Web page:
How to show 401(k) transfers to checking as "Income" in budgeting

I'm retired and part of my income derives from a monthly 401(k) distribution which I track as a transfer out of my 401(k) account into my checking account. The problem is that it shows as a "transfer", which it is, but not as "income", which it also is. This doesn't allow me to me to produce a end of year report that shows all income and expenses as it doesn't see these transfers as income. What am I missing?
How can I track the fluctuations in my 401(k) and at the same time see the distributions it produces as "income" in my reports?

Answers

  • jobworker
    jobworker Mac Beta Beta
    I am in the same position and what I did was to setup a recurring transaction in my checking account (to which the money is transferred ) I also setup a recurring transaction in my Schwab account.  I have an RMD which is the same amount every month.
    When Schwab transfers the amount to me it 'matches' my recurring transaction and is not setup with any category.  It usually takes 3 days later for the transaction (transfer) to reach my bank.  There, the recurring transactions is setup with the category of Personal Income/Taxable IRA Withdrawal and is an item that shows up in my Tax Schedule.  See screen shot
  • jobworker
    jobworker Mac Beta Beta
    I meant to add the image of the Schwab transaction which you will note under the heading Description/Category is listed as "Transfer to Bank".  That is a Description, not a Category classification, so transfer does not come into the equation.
  • Thanks for your response Jobworker -
    It sounds from your explanation like you automatically download your transactions so what works for you might not work for me as I enter them manually. There is only one transaction for me - a transfer from my 401(k) to my checking account.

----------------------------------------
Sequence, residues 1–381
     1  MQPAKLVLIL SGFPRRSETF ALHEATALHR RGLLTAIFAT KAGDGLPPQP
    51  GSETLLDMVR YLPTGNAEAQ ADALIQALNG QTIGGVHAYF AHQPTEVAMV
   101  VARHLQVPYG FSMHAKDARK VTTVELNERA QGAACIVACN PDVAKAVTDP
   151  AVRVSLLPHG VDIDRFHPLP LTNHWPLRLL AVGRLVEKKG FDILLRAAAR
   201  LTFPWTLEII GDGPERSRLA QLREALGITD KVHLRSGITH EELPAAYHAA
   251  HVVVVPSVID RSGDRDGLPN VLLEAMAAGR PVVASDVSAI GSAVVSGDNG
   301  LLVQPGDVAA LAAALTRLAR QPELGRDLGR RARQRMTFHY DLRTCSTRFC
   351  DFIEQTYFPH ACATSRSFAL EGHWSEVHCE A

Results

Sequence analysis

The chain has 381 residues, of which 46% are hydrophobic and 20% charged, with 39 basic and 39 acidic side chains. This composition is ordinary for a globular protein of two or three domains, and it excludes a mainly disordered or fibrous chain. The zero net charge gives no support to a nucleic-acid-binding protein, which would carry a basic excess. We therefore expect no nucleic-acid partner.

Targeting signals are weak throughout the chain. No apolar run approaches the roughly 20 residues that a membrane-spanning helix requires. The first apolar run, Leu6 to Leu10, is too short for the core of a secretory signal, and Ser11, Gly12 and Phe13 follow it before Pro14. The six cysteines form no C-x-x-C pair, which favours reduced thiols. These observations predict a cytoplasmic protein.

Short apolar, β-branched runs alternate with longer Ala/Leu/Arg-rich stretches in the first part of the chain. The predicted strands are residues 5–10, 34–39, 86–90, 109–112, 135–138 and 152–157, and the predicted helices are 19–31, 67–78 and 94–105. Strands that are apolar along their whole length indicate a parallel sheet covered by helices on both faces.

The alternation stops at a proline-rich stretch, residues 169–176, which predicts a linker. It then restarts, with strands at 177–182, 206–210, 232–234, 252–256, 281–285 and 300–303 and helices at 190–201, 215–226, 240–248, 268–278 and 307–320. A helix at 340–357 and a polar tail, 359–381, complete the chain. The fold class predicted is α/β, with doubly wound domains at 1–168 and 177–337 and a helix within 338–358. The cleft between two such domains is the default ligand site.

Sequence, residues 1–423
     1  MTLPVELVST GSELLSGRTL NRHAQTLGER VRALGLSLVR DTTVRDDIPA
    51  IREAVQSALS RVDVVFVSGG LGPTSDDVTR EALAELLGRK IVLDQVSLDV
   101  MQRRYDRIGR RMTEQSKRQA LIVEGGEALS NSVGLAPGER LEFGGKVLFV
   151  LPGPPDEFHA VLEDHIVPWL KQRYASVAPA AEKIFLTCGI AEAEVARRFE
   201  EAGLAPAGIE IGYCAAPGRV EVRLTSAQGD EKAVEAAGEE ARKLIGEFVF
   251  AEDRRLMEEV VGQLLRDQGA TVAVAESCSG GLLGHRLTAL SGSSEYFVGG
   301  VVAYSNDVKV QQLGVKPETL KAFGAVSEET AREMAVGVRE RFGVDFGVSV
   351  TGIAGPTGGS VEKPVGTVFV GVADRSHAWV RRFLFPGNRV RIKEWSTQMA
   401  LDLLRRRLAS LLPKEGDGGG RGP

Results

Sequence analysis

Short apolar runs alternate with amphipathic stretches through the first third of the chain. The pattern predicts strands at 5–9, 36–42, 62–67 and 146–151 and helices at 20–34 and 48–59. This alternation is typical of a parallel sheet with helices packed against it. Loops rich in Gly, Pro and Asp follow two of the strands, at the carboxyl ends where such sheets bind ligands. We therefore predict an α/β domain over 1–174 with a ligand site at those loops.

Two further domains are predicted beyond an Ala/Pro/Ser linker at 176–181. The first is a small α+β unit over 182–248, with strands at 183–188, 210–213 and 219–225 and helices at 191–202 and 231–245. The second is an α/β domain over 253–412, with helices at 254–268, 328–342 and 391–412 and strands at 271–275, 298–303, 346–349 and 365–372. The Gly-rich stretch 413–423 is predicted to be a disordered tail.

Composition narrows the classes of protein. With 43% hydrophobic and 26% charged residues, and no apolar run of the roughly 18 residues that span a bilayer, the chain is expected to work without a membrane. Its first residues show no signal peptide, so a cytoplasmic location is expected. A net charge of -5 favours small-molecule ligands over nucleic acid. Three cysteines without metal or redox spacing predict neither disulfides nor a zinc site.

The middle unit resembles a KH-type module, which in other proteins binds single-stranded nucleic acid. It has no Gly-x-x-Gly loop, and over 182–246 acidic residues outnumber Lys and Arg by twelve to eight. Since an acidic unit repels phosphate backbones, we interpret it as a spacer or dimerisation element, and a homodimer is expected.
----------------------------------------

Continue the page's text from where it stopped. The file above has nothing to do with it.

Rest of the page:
In your case I'm confused where your transfer from Schwab actually goes when it transfers, or does the transfer actually initiate the transaction of moving it into your checking account as income?
  • jobworker
    jobworker Mac Beta Beta
    @Steve Walter.
    Granted there are slight differences between our processes.  Schwab has instructions to transfer directly into my checking account on a monthly basis.
    First I get a transaction in my investment (IRA) account downloaded from Schwab that it has deducted my RMD.  In your case I presume that is the transaction that you enter manually into your Investment transaction (IRA) account when you receive the money in your bank account.
    Then three days later Wells Fargo downloads a transaction that I receive as a ACTION/"DirectDep" which I have setup as a recurring transaction with the Category "Taxable IRA Withdrawal".  See screen shot.

     

    There is a way for you to accomplish everything at one time.  
    1. Setup a non Tax Category which is a dummy category.  I have one for certain instances where I have to balance a split transaction.  
    2. Create your bank recurring deposit with the the "Taxable IRA Withdrawal" category.
    3. Now Edit the recurring transaction for all transactions and add two more Splits, one to show the debit to your IRA account and another split to balance the amounts so that your original deposit is not doubled. That would be the dummy category in 1. above.
    See screen shots below. 1. Recurring trans, 2. Trans Detail, 3. Example Splits

    1.

    2.

    3.


    I hope this helps and makes sense to you.
  • jacobs
    jacobs SuperUser, Mac Beta Beta
    I have a a similar approach which avoids the need for any dummy categories -- because Quicken actually has one built in which is perfect for this purpose!

    See my post here with screenshots. This technique applies for IRA RMDs or 401k withdrawals, moving money and creating taxable income.
    Quicken Mac Subscription • Quicken user since 1993
  • jobworker
    jobworker Mac Beta Beta
    @ Jacobs .  For all the time I have been using Quicken, I was blind to the Category Adjustment.  I guess I did not see the wood for the trees.  Wow! Can't believe it.  Thanks.
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